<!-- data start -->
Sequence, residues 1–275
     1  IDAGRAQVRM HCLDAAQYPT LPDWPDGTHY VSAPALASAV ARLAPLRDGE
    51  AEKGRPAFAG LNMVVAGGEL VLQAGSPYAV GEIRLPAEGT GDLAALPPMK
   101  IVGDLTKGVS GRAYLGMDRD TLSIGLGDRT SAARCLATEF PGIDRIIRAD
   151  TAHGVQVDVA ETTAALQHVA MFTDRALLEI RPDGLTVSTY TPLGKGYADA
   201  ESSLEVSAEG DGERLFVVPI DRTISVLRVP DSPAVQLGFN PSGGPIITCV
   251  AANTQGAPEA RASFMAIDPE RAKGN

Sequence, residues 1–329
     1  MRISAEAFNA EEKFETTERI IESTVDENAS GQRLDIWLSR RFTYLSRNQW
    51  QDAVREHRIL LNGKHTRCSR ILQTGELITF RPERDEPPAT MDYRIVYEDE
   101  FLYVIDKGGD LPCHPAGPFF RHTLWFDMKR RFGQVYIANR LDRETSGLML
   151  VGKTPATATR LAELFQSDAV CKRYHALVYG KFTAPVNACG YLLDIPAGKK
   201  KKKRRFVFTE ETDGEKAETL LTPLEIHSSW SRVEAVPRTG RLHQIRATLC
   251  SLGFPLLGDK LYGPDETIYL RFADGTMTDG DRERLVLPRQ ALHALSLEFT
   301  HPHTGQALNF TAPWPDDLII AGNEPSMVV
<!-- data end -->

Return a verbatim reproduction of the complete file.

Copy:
Sequence, residues 1–275
     1  IDAGRAQVRM HCLDAAQYPT LPDWPDGTHY VSAPALASAV ARLAPLRDGE
    51  AEKGRPAFAG LNMVVAGGEL VLQAGSPYAV GEIRLPAEGT GDLAALPPMK
   101  IVGDLTKGVS GRAYLGMDRD TLSIGLGDRT SAARCLATEF PGIDRIIRAD
   151  TAHGVQVDVA ETTAALQHVA MFTDRALLEI RPDGLTVSTY TPLGKGYADA
   201  ESSLEVSAEG DGERLFVVPI DRTISVLRVP DSPAVQLGFN PSGGPIITCV
   251  AANTQGAPEA RASFMAIDPE RAKGN

Sequence, residues 1–329
     1  MRISAEAFNA EEKFETTERI IESTVDENAS GQRLDIWLSR RFTYLSRNQW
    51  QDAVREHRIL LNGKHTRCSR ILQTGELITF RPERDEPPAT MDYRIVYEDE
   101  FLYVIDKGGD LPCHPAGPFF RHTLWFDMKR RFGQVYIANR LDRETSGLML
   151  VGKTPATATR LAELFQSDAV CKRYHALVYG KFTAPVNACG YLLDIPAGKK
   201  KKKRRFVFTE ETDGEKAETL LTPLEIHSSW SRVEAVPRTG RLHQIRATLC
   251  SLGFPLLGDK LYGPDETIYL RFADGTMTDG DRERLVLPRQ ALHALSLEFT
   301  HPHTGQALNF TAPWPDDLII AGNEPSMVV